Enraged Monmouth County residents offer alternative to JCP&L power-line plan
MIDDLETOWN — A determined group of Monmouth County residents believes it has a cheaper and safer alternative to Jersey Central Power & Light's proposal for a powerful 10-mile transmission line from Aberdeen to Red Bank along the NJ Transit right-of-way.
Residents Against Giant Electric, which has spent more than $400,000 in its fight to stop "monster power lines" from being built in folks' backyards, claims JCP&L can solve the same problems and provide the same service to customers without the construction of giant poles and lines that could affect residents' home values and health.
At a press conference Tuesday inside Middletown Public Library, RAGE President Rachael Kanapka shared details of the group's legal brief submitted to the Administrative Law Judge handling the case and offered insight into the campaign's efforts over the past 17 months.
"Given all we’ve uncovered, JCP&L's proposal to build this line is at best incompetent and weak, and at worst, devious, underhanded and greedy," Kanapka said. "Only because of our strong opposition did the curtain get pulled back to show what they were doing behind the scenes."
According to Kanapka, the public was duped from the start. Marketing by the utility noted the Monmouth County Reliability Project was needed to "reduce outages" among other reasons, but the county has only lost power for eight hours total over the past 30 years due to transmission line issues, she said.
When JCP&L submitted its petition to the Board of Public Utilities in 2016, the utility said the project is needed to fix a code violation at the Red Bank substation, or a P7.
RAGE feels JCP&L is more motivated by the promise of financial returns. Transmission lines are a big moneymaker for utilities, Kanapka said, based on a formula set by the Federal Energy Regulatory Commission.
"If a utility can get a transmission line, they and their shareholders have won the lottery and the ratepayers pay the prize," she said.
Kanapka said JCP&L told the public at open houses in June 2016 that the utility "had no idea yet where the actual poles would go." But, through use of the Open Public Records Act, RAGE learned that JCP&L provided to NJ Transit exact proposed pole locations, and even shared Google Earth 3D representations of how the lines would look, using shots of neighborhoods and photos from the proposed 10-mile stretch.
It was also uncovered, Kanapka said, that JCP&L started discussing this proposal with NJ Transit, and the use of their right-of-way, in 2012 — years before JCP&L submitted its petition. As part of the BPU's evaluation of projects, they want to see that a utility thoroughly considered alternatives. JCP&L only looked at alternative siting options for a transmission line, Kanapka said, but no electrical alternatives to solve the P7 issue.
"We’ll let everybody draw their own conclusions, but it seems very much like the entire route study was done after-the-fact as a way for JCP&L to be able to check off the 'we looked at alternatives' box," she said.
NJ Transit has not yet said whether it intends to let JCP&L use its property for the project should it be approved. Once all briefs are filed within the next two weeks, the judge overseeing the case will have 45 days to make a recommendation to the BPU on whether or not the project is necessary, or request an extension. The BPU then makes the final decision.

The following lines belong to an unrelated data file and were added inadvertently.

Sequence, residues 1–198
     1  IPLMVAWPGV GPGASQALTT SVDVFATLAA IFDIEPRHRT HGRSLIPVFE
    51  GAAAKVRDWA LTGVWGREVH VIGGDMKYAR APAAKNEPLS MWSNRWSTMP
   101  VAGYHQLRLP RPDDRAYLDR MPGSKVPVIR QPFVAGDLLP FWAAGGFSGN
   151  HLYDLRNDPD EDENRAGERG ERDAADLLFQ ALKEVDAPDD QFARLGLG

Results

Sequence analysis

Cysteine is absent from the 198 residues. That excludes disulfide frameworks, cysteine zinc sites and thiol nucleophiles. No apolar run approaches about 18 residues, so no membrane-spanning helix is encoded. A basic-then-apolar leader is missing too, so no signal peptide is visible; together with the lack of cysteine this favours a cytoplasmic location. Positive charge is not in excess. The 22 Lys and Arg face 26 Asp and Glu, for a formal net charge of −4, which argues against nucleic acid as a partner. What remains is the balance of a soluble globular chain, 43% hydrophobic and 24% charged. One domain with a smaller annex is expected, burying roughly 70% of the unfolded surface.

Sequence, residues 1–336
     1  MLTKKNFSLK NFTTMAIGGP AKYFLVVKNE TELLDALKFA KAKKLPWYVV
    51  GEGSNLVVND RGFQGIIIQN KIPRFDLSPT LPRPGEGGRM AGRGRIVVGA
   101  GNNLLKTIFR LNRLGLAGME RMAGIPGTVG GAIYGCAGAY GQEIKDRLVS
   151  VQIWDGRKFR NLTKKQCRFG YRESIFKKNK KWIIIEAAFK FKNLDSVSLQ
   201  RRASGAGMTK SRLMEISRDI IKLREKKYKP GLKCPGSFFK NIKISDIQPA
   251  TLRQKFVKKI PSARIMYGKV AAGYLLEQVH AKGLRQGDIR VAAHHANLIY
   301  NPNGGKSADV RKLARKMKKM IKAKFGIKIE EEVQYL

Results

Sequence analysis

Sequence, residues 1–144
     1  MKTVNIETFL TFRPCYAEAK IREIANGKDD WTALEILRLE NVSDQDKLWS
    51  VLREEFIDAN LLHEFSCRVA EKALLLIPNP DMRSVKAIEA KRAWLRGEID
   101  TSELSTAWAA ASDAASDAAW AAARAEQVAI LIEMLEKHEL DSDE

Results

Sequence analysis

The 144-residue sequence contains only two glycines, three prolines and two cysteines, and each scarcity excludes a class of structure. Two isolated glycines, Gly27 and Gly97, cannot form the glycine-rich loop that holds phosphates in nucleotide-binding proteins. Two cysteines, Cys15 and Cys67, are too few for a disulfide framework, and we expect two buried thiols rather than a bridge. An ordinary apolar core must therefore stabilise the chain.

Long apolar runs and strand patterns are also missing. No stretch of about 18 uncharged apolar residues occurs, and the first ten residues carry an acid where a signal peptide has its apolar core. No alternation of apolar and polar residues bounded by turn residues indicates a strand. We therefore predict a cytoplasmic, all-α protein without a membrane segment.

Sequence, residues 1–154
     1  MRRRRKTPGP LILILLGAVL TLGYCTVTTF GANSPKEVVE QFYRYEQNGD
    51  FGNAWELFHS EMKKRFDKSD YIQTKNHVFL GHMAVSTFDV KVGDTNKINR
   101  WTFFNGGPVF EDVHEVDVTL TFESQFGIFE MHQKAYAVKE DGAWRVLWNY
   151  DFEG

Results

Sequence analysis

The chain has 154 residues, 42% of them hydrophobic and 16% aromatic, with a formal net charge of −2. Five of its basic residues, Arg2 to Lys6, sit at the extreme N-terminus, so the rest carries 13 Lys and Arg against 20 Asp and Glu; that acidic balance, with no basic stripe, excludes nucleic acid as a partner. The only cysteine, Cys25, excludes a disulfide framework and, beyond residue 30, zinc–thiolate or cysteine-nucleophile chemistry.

During testimony, RAGE unveiled its alternative to the transmission line plan — an alternative the group says would cost 70 percent less, and present less danger to the community.
The group's solution, backed by a power flow analysis and an engineering expert, includes the addition of two STATCOM devices — each about the size of an RV — at the Red Bank substation. It also calls for updating 11 of the existing 34.5 kV lines coming out of Red Bank.
"That's it — all you need to do is update some existing lines that probably need replacing anyway, and add two big boxes to Red Bank, Kanapka said. "Do these two things and the P7 violation goes away, for a total estimated cost of just $30 million."
In its most recent estimate, JCP&L said their project could cost $111 million, and that does not include the fee for usage of NJ Transit's property.
According to JCP&L spokesman Ron Morano, the utility strongly disagrees with RAGE's proposal.
"The alternative 'proposed by RAGE would be more expensive to construct, more disruptive to JCP&L's customers in Monmouth County, and result in a less robust electrical system than the MCRP," Morano said.
Morano said JCP&L is confident the Administrative Law Judge will rule in favor of the project.
Appalled by the findings of the RAGE campaign, state Sen. Jennifer Beck (R-Monmouth) called on the BPU to investigate JCP&L for misleading the public in its push to construct a new transmission line.
"They should be fined and sued and we should hold them accountable for misrepresenting this project to our residents," Beck said at the press event. "If the BPU is unwilling to take this up and unwilling to conduct an investigation, then I will call on the Attorney General to do so."
Responding to Beck's comments, Morano said "that type of rhetoric is unfortunate." The BPU said it could not comment while this matter is pending before a judge.
According to Congressman Frank Pallone, another vocal opponent on the MCRP, RAGE's fight highlights a national problem in which the federal process is "too oriented toward allowing" transmission lines as a way to achieve reliability, when there are less costly and more effective ways of doing so.
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